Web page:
by Harleen Kaur Dhillon & Charlotte Hings
Riley Cooper couldn’t see the beauty in her body until she saw her body as others see it. “I feel like I have a lot of like body issues and people around me are always trying to get me to love myself. But I never could really believe it until this experience of just being in touch with not just your body but like the beauty in my body and how unique it is. I love the idea of using your body for art and seeing the beauty in it,” the first-year urban planning student said.
Cooper went to one of the many events that were a part of UW Women’s Centre’s Love Your Body Week (LYBW) which took place over the week of Nov. 5 to Nov. 9. These events all dedicated to promote body positivity and loving your body.
The events included a Women in Arts Panel, Bust Casting, Felt Vulva craft night, and discussions about body politics and sex education. All of the events provided community and support for all participants.
“I feel like it was a very good experience to just hear about women who are actually in art talk about their experience,” Batt Batsaikhan, an Honours Science student, who attended the Women in Arts Panel, said.
“Even in my field, I can see the similarities of what they experienced with myself as well. Which I think is good, as a general like feminist thing, it’s good. It’s not just about arts, it’s about women.”
Women in Arts Panel
A panel of artists and curators from the UW community came together in the QNC to discuss topics ranging from the nature of art versus craft to the position of women in the art world to the colonization of museums and art. In addition, panelists spoke to the barriers they have faced to reaching success in the art world. Finally, they had some advice for budding artists in the room.
“There’s so many ways to get your art out there. One of the most important things to do is to trouble things in systems,” Joan Coutu, a faculty member in the Fine Arts Department of UW, said.
“I think a lot of people […] are all waiting for the moment that you are just fed up with everything and you’re not going to do anymore,” Soheila Esfahani, a Fine Arts graduate from and Studies in Islam lecturer in UW, said. “But I think that’s the moment that you should rise and […] participate and persist rather than stepping back all the time.”
The Glow Centre saw nearly 50 young women come in and apply plaster to their chests to create a cast of their breasts. A discussion about the stigmatization and experience of having breasts preceded the plastering. A safe space ensured that none of the women were sexualized and that everyone enjoyed themselves.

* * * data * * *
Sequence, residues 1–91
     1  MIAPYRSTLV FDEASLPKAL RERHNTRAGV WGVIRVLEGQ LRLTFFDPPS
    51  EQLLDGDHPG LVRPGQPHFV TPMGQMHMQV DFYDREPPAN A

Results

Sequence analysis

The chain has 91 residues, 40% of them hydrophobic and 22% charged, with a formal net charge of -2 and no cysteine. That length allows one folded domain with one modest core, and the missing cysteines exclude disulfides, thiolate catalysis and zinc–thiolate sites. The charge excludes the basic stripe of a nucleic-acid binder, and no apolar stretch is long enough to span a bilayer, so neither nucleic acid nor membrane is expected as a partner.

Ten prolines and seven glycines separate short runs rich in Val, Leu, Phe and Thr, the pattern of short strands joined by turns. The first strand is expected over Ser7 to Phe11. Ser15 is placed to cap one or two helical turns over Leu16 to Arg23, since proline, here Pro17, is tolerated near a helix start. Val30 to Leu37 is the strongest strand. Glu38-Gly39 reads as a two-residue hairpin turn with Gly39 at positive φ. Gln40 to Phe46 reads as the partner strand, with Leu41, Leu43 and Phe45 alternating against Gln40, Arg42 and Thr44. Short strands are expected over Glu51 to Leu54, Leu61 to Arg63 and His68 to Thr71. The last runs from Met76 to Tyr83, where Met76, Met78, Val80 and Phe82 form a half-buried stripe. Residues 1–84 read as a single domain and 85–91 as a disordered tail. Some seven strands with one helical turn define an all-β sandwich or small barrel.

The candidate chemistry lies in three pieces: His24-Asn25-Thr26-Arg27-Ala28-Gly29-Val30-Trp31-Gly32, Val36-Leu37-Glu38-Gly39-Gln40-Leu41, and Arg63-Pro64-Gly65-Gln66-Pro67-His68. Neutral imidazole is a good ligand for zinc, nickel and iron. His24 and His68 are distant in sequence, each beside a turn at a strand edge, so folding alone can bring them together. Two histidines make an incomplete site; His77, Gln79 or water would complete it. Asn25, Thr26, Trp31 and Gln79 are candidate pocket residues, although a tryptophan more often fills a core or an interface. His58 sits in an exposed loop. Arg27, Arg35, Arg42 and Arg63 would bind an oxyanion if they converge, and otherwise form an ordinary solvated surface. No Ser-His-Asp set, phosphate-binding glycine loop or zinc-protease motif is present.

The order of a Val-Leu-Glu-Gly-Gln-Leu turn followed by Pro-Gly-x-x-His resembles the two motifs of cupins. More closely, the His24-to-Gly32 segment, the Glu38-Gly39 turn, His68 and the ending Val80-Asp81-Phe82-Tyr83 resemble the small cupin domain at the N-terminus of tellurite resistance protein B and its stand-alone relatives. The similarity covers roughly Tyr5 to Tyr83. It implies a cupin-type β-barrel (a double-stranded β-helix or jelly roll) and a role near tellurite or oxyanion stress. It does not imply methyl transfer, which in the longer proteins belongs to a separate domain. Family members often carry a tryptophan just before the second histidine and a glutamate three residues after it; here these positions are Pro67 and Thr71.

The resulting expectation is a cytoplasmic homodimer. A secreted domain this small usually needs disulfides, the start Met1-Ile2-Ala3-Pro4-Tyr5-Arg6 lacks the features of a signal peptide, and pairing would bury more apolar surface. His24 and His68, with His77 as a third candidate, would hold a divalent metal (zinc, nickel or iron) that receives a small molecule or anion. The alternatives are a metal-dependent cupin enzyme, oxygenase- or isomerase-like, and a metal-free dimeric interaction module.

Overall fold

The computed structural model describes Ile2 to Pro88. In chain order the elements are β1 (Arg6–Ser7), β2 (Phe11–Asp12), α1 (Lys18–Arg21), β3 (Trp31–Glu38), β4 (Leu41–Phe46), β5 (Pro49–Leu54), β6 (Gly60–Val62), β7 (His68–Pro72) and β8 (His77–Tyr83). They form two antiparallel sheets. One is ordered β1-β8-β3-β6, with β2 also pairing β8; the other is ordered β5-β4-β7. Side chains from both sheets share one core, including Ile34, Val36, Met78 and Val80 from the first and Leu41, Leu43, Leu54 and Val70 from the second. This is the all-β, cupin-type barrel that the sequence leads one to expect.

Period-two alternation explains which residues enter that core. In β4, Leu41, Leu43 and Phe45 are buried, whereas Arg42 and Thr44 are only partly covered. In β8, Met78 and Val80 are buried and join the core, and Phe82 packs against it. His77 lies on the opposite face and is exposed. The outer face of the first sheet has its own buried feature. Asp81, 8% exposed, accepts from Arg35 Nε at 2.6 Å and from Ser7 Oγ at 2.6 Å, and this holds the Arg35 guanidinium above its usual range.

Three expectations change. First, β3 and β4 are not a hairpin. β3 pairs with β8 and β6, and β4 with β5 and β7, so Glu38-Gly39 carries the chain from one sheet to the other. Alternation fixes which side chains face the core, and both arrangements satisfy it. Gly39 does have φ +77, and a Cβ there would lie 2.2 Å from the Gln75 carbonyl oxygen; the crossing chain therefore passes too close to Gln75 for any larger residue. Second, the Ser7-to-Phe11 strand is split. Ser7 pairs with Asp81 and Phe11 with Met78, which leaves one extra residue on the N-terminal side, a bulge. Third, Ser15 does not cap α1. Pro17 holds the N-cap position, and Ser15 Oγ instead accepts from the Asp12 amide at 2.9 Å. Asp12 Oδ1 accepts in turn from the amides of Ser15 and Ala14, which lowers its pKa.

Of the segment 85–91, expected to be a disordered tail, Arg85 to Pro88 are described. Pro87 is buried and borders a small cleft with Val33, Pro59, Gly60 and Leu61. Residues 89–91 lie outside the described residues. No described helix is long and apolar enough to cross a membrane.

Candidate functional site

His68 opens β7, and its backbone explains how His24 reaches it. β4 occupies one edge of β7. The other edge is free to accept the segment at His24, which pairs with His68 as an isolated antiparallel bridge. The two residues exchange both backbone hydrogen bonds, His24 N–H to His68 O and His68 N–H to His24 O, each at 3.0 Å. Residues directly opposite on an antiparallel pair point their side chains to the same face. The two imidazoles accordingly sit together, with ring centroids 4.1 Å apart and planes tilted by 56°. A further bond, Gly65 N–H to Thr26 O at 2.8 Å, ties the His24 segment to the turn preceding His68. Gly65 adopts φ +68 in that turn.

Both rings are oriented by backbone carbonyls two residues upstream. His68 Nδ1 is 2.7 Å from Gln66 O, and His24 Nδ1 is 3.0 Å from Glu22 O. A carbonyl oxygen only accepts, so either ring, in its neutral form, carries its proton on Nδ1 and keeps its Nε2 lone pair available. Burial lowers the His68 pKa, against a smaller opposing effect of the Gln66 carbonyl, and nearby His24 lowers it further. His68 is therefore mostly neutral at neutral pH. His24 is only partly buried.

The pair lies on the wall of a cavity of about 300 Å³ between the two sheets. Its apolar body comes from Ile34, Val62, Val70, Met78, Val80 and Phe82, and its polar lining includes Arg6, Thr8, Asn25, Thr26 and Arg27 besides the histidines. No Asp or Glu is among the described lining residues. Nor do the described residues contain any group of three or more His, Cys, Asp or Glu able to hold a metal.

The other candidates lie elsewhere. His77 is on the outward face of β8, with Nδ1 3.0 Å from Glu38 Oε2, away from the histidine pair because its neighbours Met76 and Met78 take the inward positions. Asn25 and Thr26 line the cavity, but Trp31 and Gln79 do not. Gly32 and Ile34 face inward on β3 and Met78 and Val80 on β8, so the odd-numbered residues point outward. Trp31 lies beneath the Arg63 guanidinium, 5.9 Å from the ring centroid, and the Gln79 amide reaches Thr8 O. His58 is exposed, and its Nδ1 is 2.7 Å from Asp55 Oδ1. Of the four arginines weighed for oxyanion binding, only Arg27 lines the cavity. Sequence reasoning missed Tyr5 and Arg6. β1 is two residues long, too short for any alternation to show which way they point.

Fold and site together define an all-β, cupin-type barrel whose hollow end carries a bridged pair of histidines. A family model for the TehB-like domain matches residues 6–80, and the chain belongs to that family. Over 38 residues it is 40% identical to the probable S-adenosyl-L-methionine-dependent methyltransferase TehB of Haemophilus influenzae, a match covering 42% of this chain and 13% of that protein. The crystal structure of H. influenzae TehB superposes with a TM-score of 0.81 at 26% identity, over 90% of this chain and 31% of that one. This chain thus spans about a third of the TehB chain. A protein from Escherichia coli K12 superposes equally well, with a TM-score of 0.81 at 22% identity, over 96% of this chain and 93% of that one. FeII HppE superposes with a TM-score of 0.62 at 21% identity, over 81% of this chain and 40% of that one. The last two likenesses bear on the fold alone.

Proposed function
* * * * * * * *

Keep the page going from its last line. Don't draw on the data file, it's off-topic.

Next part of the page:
“I think for me it was really refreshing to hear a group of women talk so honestly about barriers in the art world because I think oftentimes, at least in my studies in fine arts in high school and in university, it’s something that isn’t necessarily as talked about in the classroom as much. I think creating events like this where there’s a space to openly talk about these things and address the issues that are going on is a really positive thing,” Jazlyn Pels, an Honours Science student said
The Sex Ed. You Wish You’d Had
The goal of this event was to destigmatize the topic of sex by debunking the most common sex myths with a game of Sex Myths Kahoot, a hands-on demo about how to make your own dental dam, and a Q&A session that allowed important sexual health questions to be discussed in a safe environment.
“One girl in the fifth grade told me that she posted on Instagram, a picture of her manicure, because she was really excited about it and someone told her that her fingers were fat, and then she shut down her instagram, ”Amanda Raffoul, a PhD Candidate in the School of Public Health and Health Systems, recounted.
Girls growing up under the influence of societal norms and values, are taught to equate their self-worth to the state of their bodies. They must be slender and small. The less space they take up, the more they will matter. “Among the general population there is an assumption that fat is bad, thin is good, in not only appearance-based senses, but also in a health related sense,” Raffoul said. This perception of obsetiy undermines a lot of the complex, physiological causes of obesity, that have nothing to do with personal character. The way obsesity and weight are portrayed in society has tremdous influence on the policies that work to tackle the issues. “We just keep telling kids in schools that they need to eat their vegetables[…] and we don’t provide anything to adress that complexity,” said Raffoul.
A small gathering of participants in the Women’s Centre worked to create vulvas out of felt on Friday. Everyone unleashed their creative sides with clever sewing and stylistic talents. The common goal of making the vulvas allowed for open discussion on various topics among the participants as well as an opportunity for learning new skills.
“I like that it’s a little community where you feel safe and it’s all just like women supporting women,” Batsaikhan said.